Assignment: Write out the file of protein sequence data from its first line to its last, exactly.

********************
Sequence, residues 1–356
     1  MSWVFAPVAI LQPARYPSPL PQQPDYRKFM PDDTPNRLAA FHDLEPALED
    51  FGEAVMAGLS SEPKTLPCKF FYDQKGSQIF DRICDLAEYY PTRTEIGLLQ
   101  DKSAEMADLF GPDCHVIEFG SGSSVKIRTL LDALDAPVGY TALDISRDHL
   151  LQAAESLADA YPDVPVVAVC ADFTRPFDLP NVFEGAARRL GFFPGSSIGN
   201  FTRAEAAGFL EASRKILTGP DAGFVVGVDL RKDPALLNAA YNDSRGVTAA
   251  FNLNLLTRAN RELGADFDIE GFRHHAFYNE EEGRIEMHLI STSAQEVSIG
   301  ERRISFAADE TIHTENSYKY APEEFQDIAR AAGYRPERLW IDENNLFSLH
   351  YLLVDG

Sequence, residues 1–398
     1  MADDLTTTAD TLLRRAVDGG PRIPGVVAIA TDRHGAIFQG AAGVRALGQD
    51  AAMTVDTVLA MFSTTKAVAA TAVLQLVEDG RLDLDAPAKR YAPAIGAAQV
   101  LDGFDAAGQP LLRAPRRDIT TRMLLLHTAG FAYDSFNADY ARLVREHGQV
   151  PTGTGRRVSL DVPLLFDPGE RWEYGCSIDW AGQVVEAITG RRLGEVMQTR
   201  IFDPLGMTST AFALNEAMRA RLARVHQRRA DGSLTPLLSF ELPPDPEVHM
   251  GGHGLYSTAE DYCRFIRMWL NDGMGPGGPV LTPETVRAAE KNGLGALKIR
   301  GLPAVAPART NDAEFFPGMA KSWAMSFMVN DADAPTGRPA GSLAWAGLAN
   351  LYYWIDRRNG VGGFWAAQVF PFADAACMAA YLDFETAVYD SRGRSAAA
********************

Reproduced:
Sequence, residues 1–356
     1  MSWVFAPVAI LQPARYPSPL PQQPDYRKFM PDDTPNRLAA FHDLEPALED
    51  FGEAVMAGLS SEPKTLPCKF FYDQKGSQIF DRICDLAEYY PTRTEIGLLQ
   101  DKSAEMADLF GPDCHVIEFG SGSSVKIRTL LDALDAPVGY TALDISRDHL
   151  LQAAESLADA YPDVPVVAVC ADFTRPFDLP NVFEGAARRL GFFPGSSIGN
   201  FTRAEAAGFL EASRKILTGP DAGFVVGVDL RKDPALLNAA YNDSRGVTAA
   251  FNLNLLTRAN RELGADFDIE GFRHHAFYNE EEGRIEMHLI STSAQEVSIG
   301  ERRISFAADE TIHTENSYKY APEEFQDIAR AAGYRPERLW IDENNLFSLH
   351  YLLVDG

Sequence, residues 1–398
     1  MADDLTTTAD TLLRRAVDGG PRIPGVVAIA TDRHGAIFQG AAGVRALGQD
    51  AAMTVDTVLA MFSTTKAVAA TAVLQLVEDG RLDLDAPAKR YAPAIGAAQV
   101  LDGFDAAGQP LLRAPRRDIT TRMLLLHTAG FAYDSFNADY ARLVREHGQV
   151  PTGTGRRVSL DVPLLFDPGE RWEYGCSIDW AGQVVEAITG RRLGEVMQTR
   201  IFDPLGMTST AFALNEAMRA RLARVHQRRA DGSLTPLLSF ELPPDPEVHM
   251  GGHGLYSTAE DYCRFIRMWL NDGMGPGGPV LTPETVRAAE KNGLGALKIR
   301  GLPAVAPART NDAEFFPGMA KSWAMSFMVN DADAPTGRPA GSLAWAGLAN
   351  LYYWIDRRNG VGGFWAAQVF PFADAACMAA YLDFETAVYD SRGRSAAA